Q: Small branches are dying in some of my trees. What’s causing this?
Common trees attacked include cedar, golden rain tree, maple, redbud, sweetgum, loquat, dogwood, Shumard oak, Chinese elm, magnolia, Bradford pear and pecan. The beetle is not limited to these trees, and it may attack woody shrubs and grapevines.
This beetle only damages branches that are approximately pencil-size in diameter. These small branches die above the point of entrance with the leaves turning brown, creating a flagging effect of numerous dead branches scattered through the outer canopy of the tree. These dead twigs with their brown leaves are what bring attention to the infested trees.
Bending an infesting twig downward will result in it snapping or breaking at the entrance/exit hole. Carefully putting the twig back together may allow you to see the hole. The hole is usually on the underside of the branch and will be very small, about the size of pencil lead in diameter. Sometimes you may see the minute, shiny black beetle and/or the white brood inside the hollowed out area of the twig at the point where it snapped.
The black twig borer, Xylosandrus compactus, is one of the few ambrosia beetles that will attack healthy trees. However, the heavy rainfall this summer stressed many of our trees and plant species making them more susceptible to insect damage and disease.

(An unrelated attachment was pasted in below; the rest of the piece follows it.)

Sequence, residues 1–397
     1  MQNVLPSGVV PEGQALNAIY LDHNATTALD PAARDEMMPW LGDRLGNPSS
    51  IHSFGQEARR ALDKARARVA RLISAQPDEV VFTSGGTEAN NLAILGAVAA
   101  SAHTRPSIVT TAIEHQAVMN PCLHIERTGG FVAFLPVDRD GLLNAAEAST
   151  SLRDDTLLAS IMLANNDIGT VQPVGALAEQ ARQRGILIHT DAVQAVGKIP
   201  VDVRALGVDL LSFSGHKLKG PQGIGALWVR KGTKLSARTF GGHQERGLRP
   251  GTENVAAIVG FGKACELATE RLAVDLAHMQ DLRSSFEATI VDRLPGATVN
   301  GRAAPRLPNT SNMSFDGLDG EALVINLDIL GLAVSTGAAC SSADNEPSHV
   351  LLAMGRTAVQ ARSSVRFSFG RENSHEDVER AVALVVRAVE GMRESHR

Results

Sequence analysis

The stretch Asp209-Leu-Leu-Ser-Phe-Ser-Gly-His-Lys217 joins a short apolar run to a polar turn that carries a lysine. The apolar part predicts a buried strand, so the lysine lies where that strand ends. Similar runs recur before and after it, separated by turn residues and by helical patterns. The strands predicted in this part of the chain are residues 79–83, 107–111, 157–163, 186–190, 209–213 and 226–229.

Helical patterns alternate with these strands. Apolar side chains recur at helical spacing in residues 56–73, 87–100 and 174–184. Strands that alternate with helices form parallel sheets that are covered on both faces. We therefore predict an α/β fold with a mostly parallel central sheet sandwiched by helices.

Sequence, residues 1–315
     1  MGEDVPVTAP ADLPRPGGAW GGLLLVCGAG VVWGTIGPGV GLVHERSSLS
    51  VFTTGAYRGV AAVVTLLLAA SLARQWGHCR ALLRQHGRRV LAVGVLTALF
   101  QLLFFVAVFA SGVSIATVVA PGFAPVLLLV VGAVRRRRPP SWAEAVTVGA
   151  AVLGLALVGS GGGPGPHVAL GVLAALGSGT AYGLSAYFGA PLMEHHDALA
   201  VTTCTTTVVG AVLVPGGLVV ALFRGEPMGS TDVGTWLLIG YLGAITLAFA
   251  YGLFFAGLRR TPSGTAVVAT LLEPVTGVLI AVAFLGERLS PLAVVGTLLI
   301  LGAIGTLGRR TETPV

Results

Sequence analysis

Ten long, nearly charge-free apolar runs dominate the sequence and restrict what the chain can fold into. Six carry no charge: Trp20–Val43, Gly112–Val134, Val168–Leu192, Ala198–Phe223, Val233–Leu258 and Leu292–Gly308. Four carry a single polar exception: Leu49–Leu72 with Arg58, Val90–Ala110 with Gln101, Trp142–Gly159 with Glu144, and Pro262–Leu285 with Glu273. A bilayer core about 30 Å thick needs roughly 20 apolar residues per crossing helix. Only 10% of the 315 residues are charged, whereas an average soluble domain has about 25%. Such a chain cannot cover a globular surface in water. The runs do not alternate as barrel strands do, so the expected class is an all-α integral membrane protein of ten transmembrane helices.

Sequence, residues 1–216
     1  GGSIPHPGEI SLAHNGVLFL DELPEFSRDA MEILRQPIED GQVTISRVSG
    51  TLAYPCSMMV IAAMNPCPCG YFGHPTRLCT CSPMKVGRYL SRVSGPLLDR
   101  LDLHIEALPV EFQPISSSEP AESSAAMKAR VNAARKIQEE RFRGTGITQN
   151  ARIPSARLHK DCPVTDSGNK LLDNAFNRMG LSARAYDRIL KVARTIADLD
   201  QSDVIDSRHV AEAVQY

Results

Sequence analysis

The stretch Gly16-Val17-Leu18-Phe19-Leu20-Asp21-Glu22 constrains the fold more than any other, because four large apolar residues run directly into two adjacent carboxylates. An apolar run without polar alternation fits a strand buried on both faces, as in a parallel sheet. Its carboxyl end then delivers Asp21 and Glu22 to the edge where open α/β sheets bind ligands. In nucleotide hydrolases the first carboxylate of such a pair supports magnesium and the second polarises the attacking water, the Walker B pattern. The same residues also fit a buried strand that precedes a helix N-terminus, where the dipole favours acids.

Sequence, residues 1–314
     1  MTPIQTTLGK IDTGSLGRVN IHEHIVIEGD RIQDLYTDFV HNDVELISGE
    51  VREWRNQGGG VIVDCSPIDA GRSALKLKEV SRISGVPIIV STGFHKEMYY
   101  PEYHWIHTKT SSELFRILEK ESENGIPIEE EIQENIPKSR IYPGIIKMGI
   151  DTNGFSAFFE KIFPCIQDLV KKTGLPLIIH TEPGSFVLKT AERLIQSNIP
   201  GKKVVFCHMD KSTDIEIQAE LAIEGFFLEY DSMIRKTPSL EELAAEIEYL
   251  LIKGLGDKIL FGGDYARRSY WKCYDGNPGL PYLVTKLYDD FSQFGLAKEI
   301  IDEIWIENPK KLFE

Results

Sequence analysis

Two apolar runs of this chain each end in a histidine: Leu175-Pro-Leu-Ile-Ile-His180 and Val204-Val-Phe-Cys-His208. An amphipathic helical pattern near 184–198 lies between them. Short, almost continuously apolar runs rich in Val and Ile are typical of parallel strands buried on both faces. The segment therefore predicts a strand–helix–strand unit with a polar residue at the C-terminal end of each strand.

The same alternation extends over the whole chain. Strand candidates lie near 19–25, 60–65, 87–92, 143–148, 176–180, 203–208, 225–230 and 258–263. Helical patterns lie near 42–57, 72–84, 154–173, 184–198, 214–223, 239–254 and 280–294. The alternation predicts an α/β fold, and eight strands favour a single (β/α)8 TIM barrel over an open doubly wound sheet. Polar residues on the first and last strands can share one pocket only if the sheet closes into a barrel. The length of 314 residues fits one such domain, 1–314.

Female beetles bore into small branches or twigs of woody plants, excavate tunnels in the wood or pith and produce a brood. Damage occurs when the beetle introduces ambrosia fungi on which the larvae feed. The beetles emerge in late February, attack twigs in March and brood production begins in April. Highest population levels occur from June to September.
Adults spend the winter in damaged twigs and branches. So it’s important to pick up and dispose of the small branches as they fall.
Where practical, the best control is to prune tree limbs 3-4 inches below the infested area, then remove and destroy the limbs. Proper mulching, avoiding over-fertilization and irrigating during dry weather should improve tree health, allowing trees to better withstand attacks.
Chemical controls are usually not practical nor effective.
Additional information on this beetle is available through the UF/IFAS Extension Office, your county forester or online at http://entnemdept.ufl.edu/creatures/trees/black_twig_borer.htm.